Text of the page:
Similar to a pregnancy test, a new biosensor developed by Canadian scientists uses a powdered enzyme solution and gold particles to detect harmful pathogens.

Mixing gold flakes and DNA may sound like the recipe for a wild night on the town, but University of Toronto researchers have found that a drop of blood, a bit of water, and a powdered DNA-and-gold mixture makes for a stellar diagnostic test.

Their rapid, accurate screening technique could make testing for malaria, HIV, HPV and other infectious diseases available to millions in the developing world, with no need for multiple blood tests and no chance that the testing solution will degrade over time.

Kyryl Zagorovsky, a Ph.D. student, and Professor Warren Chan of the University of Toronto’s Institute of Biomaterials and Biomedical Engineering (IBBME) spearheaded the research and have published their initial findings in the German chemistry journal Angewandte Chemie.

An over-the-counter pregnancy test is a good example of a biosensor that takes advantage of the unique properties of gold. Gold nanoparticles—about 1,000 times smaller than the thickness of human hair—appear very bright, and change color depending on whether the particles are separate (red) or clumped together (purple).

Researchers first clump the gold nanoparticles together using strands of DNA, and then immerse them in a solution called DNAzyme. The DNAzyme acts like a pair of molecular scissors. When the gene for, say, HPV is introduced, the DNAzyme is activated, “snipping” the DNA strands between the gold particles and turning the sample red.

The DNAzye is highly efficient—very little of the disease gene needs to be present for the DNAzyme to be activated and the sample to change color. This means that the test could potentially be used to screen for a number of diseases at once using only a single drop of blood or saliva.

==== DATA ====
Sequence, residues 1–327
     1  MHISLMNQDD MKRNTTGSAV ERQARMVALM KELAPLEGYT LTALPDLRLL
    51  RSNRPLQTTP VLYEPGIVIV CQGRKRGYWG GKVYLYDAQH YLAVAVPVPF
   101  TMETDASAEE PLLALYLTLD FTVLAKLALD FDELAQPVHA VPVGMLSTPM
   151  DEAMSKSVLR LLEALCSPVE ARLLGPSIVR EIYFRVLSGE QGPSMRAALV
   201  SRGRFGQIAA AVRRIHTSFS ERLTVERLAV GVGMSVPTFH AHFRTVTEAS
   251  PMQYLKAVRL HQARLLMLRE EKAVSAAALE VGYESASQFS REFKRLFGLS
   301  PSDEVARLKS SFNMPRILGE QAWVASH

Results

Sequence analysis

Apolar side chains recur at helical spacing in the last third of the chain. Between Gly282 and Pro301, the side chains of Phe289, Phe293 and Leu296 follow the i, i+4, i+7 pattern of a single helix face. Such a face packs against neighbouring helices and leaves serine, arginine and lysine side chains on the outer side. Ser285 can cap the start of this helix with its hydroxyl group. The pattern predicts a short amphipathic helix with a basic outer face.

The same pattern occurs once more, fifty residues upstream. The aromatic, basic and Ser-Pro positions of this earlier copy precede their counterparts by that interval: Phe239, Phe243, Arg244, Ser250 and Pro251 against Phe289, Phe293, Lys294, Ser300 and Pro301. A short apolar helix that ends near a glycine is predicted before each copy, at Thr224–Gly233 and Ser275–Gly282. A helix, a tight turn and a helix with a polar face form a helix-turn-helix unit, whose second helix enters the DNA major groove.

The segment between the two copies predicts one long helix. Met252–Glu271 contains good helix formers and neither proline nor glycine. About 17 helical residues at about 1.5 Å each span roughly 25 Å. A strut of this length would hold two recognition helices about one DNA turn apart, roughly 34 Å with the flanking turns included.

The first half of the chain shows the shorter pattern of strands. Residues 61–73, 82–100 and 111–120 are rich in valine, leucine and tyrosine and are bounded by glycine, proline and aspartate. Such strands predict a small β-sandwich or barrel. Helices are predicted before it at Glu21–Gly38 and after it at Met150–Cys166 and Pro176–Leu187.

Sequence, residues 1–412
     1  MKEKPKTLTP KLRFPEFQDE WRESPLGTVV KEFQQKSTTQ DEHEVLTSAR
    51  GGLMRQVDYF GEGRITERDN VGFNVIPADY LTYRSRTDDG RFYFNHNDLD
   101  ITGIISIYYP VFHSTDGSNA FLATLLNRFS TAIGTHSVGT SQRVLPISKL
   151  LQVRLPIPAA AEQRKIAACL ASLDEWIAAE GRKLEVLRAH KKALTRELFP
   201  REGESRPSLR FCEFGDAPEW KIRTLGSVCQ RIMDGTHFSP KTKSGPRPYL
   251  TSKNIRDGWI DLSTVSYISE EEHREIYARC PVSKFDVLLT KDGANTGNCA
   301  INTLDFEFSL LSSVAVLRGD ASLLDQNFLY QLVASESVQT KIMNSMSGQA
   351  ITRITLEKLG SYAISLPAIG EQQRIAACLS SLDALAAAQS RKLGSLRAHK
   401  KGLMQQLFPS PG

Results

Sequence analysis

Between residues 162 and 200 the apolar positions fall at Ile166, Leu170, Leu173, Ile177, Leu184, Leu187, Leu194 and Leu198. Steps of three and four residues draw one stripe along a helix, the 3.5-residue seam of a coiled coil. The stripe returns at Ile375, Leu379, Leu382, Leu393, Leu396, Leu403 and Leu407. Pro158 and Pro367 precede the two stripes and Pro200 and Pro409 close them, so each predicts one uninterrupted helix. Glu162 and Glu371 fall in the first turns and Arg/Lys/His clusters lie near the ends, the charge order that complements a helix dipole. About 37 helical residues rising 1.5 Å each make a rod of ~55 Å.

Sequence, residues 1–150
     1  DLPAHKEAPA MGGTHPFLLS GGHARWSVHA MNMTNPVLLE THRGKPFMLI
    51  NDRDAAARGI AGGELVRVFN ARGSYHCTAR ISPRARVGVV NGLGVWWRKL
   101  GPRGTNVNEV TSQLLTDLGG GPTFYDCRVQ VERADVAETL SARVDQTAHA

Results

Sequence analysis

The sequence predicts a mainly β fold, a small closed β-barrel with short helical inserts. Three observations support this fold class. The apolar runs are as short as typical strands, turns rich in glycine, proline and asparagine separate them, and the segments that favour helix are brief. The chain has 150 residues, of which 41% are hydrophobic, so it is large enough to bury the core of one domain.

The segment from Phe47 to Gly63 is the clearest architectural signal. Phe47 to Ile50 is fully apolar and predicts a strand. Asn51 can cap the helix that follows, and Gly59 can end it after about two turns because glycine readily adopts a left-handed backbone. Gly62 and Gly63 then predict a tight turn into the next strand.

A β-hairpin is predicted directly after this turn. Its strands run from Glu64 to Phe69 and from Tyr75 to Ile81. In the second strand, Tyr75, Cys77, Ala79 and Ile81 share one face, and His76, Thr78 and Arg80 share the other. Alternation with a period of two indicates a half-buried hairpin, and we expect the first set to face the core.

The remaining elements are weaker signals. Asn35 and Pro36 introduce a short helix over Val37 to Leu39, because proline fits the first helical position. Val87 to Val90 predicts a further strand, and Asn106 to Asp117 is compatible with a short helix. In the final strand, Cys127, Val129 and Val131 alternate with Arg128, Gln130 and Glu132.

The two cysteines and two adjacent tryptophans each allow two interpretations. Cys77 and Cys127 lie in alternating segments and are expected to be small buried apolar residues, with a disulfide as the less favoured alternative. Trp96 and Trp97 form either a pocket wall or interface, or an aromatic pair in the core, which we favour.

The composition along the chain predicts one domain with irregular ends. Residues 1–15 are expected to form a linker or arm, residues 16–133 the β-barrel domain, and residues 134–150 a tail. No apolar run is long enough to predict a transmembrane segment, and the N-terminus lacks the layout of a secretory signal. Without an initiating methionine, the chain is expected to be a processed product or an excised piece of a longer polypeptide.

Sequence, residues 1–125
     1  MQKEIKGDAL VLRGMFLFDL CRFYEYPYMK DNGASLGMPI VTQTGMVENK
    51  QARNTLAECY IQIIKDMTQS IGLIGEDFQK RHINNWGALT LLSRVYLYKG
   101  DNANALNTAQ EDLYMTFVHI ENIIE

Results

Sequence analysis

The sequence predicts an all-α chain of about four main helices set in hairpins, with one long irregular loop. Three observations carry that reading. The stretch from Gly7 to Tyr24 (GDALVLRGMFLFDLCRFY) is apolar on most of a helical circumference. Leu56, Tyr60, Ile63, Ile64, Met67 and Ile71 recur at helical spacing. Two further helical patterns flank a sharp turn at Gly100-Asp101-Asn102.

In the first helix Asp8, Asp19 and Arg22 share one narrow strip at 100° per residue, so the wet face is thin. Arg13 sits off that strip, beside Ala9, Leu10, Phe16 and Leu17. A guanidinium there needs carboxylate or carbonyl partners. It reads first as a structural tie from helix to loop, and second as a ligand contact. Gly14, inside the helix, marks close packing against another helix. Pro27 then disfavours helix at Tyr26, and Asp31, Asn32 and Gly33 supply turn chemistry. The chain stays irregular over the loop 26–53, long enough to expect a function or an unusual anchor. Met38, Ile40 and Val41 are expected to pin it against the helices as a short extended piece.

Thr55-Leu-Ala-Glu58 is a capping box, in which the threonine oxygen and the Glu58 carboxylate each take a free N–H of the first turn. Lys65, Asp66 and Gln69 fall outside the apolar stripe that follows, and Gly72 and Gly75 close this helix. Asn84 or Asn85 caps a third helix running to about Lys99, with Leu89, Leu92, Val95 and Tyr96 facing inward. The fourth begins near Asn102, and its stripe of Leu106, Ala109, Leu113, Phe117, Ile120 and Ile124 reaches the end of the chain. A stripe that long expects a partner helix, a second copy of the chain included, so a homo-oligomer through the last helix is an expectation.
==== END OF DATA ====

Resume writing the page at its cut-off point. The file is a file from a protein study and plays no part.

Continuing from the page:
“A single unit of genetic material present is translated into many DNA strands that get cleaved. This significantly improves the sensitivity of pathogen detection,” Zagorovsky said in an interview with Healthline. “The technique is still in the developing stage. We have not yet investigated or optimized the detection of pathogens from actual bodily fluids, such as blood or saliva, but consider these as feasible potential applications. Our assay can work with only two microliters of sample, which is the size of a very small droplet.”

Inexpensive, at-home tests for everything from pregnancy complications to UTIs to blood oxygen levels are taking medicine cabinets by storm. Soon, patients will be able to conduct their own screening and diagnostic tests and bring the results to their doctors, without waiting or paying for laboratory work.

“There’s been a lot of emphasis in developing simple diagnostics. The question is, how do you make it simple enough, portable enough?” Chen, also the Canada Research Chair in Nanobiotechnology, said in a press release. “We’ve now put all the pieces together.”

Zagorovsky says that the team is exploring industrial collaborations to develop the technology further, though it will likely be a while before they begin testing with human subjects.